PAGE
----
“Some 49% of Strawberry Fields consumers do not buy any other Tic Tac flavours, while 47% of Cherry Passion shoppers buy only Cherry Passion, so it’s crucial that retailers stock the full Tic Tac range of five flavours in order to cater for all shoppers’ tastes,” notes Boorer.
The firm recently launched Tic Tac Apple Burst, comprising sweet and sour apple flavours, which it is supporting with a £2m marketing investment.
Perfetti Van Melle’s Mentos brand has also tapped into the demand for more foccused flavours. “Mentos Fruit countlines are outstripping market growth to record a 4.7% rise in value sales year on year,” says Mentos brand manager Claire Powley. “Mentos Strawberry Mix, launched in 2013, has grown the Mentos fruit portfolio incrementally without cannibalising existing sales of Mentos Fruit rolls or Mentos Rainbow rolls.”
Also taking a more channelled approach to fruit flavours is Wrigley. Packs of its Starburst FaveReds combine strawberry, raspberry, cherry and red apple flavours are available in a 45g stick and 192g pouch. Wrigley confections business unit director Matt Austin says: “The launch is expected to deliver incremental sales to the confectionery category and is already a proven success in markets such as the US, where Starburst FaveReds has delivered outstanding results and is currently the second best-selling SKU in the range.”
In addition, the firm recently launched Skittles Wild Berry featuring raspberry, strawberry, wild cherry, berry punch and melon berry flavours, a product which is targeted at consumers in their mid-twenties.
Another recent launch into the sours market is Bobby’s Foods’ Blue Razz Shots. “The increased orders we are receiving from convenience stores is very positive,” says the firm’s Chris Smith. “Since the launch, there have been 850,000 packets of Blue Razz Shots sold into the convenience sector - that equates to 29 tonnes of sour candy balls circulating around the UK in just a few months. That’s slightly more than the weight of four adult African elephants!”
Cloetta has also seen jumbo success with sour flavours. “Consumers respond well to flavour and sensory confectionery, which means that our sour products - Chewits Xtreme sour apple and tutti frutti - are performing well and their growth is set to continue,” says Seymour. As a result, the firm has just released new Xtreme sour pineapple (rrp 37p).
“Sour products are a key growth sector, currently worth £11.2m and growing at 12%. The growth is ahead of overall chewy fruit sweets, and share has increased to 8%, demonstrating that sours are a top choice with consumers,” she adds. “Our Xtreme products attract an older audience (11- to 14-year-olds) in comparison to our Chewits stick packs which are favoured by a younger demographic (5- to 10-year-olds). This would suggest that the sugar confectionery sector is evolving for an older audience while still maintaining a core younger audience.”
Nestlé Confectionery has also been targeting an older market with its Rowntree’s Randoms Sweet n Sour bags, which contain foamy sweets, sour jellies and super-sour liquid-filled sweets. The sweets, which are available in impulse and sharing formats, target Random’s core market of 18- to 24-year-olds.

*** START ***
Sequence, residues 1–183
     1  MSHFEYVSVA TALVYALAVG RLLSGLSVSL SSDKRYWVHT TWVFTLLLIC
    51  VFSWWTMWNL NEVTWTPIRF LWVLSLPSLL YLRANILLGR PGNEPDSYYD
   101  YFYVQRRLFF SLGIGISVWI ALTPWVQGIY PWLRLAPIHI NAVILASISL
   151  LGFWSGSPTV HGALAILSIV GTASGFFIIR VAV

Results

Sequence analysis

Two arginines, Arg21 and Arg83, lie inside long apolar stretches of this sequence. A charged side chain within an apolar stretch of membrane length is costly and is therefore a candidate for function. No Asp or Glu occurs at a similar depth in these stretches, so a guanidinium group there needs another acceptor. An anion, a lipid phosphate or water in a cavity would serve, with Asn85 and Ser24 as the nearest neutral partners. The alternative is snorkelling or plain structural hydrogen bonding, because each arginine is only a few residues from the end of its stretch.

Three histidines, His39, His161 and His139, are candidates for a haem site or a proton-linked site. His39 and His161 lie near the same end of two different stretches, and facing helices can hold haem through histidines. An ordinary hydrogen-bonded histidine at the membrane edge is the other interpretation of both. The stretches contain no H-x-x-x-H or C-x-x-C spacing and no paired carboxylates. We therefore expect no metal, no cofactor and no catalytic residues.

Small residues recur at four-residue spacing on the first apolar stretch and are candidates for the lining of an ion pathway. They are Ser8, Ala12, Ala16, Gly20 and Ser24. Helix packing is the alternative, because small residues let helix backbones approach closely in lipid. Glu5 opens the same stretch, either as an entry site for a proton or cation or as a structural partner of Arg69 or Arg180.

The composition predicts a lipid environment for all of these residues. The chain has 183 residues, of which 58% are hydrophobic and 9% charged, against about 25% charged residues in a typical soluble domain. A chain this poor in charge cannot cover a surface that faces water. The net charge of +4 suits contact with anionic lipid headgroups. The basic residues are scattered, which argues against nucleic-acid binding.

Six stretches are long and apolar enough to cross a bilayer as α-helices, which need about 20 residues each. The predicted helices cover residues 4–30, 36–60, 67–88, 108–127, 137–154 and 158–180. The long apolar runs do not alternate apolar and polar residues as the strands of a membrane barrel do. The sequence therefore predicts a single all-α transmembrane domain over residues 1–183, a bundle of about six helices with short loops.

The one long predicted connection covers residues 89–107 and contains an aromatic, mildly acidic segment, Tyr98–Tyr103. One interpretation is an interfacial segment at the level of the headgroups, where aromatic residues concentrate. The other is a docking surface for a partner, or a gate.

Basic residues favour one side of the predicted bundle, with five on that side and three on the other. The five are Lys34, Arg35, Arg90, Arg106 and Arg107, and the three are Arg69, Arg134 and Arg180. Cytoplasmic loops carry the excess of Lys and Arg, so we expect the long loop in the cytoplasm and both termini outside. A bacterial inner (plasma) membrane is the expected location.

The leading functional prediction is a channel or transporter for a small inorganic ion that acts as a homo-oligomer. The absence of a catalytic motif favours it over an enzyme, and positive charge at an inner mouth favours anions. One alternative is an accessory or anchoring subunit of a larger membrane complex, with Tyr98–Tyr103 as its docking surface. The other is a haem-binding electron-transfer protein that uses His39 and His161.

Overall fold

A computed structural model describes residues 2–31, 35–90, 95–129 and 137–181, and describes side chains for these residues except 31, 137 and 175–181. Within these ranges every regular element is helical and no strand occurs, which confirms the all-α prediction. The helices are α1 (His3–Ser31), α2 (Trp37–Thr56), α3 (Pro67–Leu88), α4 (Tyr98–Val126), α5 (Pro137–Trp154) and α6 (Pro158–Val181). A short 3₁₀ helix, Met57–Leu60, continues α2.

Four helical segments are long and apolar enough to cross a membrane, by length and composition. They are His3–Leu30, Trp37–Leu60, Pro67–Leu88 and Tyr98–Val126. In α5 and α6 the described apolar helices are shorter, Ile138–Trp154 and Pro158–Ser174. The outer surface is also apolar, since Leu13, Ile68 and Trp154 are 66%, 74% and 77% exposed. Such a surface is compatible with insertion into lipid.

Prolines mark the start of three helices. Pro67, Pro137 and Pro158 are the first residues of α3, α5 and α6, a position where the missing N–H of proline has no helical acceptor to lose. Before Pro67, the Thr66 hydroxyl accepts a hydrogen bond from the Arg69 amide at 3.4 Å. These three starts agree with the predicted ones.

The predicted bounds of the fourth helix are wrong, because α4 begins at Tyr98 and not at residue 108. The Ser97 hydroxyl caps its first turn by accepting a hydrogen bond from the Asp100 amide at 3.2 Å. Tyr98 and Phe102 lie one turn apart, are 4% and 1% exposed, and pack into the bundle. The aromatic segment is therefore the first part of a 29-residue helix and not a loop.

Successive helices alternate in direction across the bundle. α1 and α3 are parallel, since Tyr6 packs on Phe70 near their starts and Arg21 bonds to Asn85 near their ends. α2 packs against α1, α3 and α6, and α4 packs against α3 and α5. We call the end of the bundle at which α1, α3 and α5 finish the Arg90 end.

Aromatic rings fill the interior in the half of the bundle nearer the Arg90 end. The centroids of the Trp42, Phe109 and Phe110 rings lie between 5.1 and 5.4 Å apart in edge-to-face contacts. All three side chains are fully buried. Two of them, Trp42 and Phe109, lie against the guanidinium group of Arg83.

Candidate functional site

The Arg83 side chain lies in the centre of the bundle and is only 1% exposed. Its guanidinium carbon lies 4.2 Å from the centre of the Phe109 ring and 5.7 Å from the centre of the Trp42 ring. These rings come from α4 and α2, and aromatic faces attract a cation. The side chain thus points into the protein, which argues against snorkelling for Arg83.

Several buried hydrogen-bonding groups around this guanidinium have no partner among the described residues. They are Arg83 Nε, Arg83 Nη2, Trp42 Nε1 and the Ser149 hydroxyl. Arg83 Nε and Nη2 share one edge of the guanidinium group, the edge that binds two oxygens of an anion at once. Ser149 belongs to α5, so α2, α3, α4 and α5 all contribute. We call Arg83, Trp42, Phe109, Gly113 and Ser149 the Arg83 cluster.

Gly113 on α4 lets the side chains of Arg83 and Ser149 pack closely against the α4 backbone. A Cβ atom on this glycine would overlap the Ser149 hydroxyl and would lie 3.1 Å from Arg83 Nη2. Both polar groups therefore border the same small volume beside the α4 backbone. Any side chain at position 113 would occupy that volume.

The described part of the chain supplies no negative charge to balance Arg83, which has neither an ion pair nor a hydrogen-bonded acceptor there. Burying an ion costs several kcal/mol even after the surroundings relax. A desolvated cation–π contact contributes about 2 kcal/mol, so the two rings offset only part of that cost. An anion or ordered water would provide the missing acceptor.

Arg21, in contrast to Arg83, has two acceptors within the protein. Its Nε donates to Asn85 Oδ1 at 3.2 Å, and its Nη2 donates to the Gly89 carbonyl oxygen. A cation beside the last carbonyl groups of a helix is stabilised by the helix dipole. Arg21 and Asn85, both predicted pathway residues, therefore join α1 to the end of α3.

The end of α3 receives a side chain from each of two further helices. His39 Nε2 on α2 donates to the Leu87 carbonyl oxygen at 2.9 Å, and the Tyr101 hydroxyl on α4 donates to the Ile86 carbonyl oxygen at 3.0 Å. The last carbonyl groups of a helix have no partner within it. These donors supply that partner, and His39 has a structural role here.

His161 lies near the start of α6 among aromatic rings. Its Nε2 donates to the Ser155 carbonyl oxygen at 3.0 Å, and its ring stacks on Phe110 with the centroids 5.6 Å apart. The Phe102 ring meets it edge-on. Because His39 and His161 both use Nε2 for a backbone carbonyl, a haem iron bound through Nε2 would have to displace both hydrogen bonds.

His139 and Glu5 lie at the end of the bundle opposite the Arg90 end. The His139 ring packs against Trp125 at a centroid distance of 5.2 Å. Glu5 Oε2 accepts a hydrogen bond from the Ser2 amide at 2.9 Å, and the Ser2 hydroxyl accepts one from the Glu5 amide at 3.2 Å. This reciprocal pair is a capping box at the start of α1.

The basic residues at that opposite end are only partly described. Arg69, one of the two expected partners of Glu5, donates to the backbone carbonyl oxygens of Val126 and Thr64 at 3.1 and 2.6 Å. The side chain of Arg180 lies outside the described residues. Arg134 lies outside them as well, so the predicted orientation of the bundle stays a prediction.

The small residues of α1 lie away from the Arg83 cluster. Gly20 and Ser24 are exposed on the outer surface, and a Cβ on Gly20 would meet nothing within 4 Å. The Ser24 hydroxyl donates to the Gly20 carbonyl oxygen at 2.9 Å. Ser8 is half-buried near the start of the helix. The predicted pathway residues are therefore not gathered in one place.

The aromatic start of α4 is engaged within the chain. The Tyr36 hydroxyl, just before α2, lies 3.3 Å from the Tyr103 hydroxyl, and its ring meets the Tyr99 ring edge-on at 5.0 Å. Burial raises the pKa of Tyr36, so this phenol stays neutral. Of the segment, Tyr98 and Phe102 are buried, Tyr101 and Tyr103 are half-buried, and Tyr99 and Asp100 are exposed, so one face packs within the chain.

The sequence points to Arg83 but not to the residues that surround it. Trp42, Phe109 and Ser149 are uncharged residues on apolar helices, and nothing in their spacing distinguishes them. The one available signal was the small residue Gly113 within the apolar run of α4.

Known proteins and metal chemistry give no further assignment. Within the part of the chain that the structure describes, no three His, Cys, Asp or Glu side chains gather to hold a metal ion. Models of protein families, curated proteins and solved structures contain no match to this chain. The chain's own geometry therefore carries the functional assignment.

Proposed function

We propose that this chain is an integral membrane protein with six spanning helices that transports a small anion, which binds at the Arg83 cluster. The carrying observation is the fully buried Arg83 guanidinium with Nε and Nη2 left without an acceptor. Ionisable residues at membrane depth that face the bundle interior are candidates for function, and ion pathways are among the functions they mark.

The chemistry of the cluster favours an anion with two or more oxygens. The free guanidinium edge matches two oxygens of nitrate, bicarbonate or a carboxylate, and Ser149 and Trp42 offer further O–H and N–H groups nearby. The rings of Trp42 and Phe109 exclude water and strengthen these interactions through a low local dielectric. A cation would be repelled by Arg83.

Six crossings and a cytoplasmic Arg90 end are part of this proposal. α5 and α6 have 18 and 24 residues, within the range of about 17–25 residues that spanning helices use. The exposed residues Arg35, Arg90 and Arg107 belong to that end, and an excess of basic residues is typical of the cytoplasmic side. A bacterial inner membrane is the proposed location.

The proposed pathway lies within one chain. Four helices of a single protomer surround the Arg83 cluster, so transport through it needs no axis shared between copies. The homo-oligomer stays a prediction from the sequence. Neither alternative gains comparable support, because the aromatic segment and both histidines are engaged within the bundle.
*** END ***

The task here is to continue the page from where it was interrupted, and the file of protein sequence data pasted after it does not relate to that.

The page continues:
“Sours is a segment of the market that has seen consistent growth over the past five years,” says Nestlé UK & Ireland senior corporate communications manager James Maxton. “A large proportion of this growth has been incremental to fruit sugar confectionery, with about one-third of purchases of sour confectionery being in addition to a consumer’s repertoire.”
It pays to display
Once you have all the key trends covered, then of course it is vital that they are displayed correctly, in accordance with your individual customer base. “I have four full shelves of children’s sweets as we are near a high school,” says Anjali. “The fixture is close to the counter so we can keep an eye on it, but also it’s easy to promote them from there. Word has spread that we have a good range.”
Retailers who have dedicated kids’ fixtures which work should then consider maximising pocket money sales, notes Seymour. “Arranging the fixture or area further by price allows children to understand which products they can afford. Retailers should also be aware of the height of the shelves and the overall fixture, so that children can shop it independently.”
Meanwhile, Chris is reaping the benefits of having recently revamped his offering. “Our store is only 490sq ft, but as part of our latest refit we’ve doubled the amount of hanging bags we sell and we’re about to triple it. The sweets used to be set back further before, but now they are opposite the till so they’re the first thing you see when you come in the store and are more likely to be picked up when people are queuing. I’m hoping to get a 12-13% increase as a result of repositioning them.”
A little creativity can also go a long way, notes Hancocks. “The more fun you have with your sugar confectionery, the greater the impact on your sales as your shoppers notice your display and join in,” says Summerley. “By its very nature, sugar confectionery lends itself to a very colourful and vibrant display.”
So by tapping into the key trends of retro, sour and pricemarked share bags, and ensuring that your display is easy to navigate and engaging, it seems the future is bright for sugar confectionery.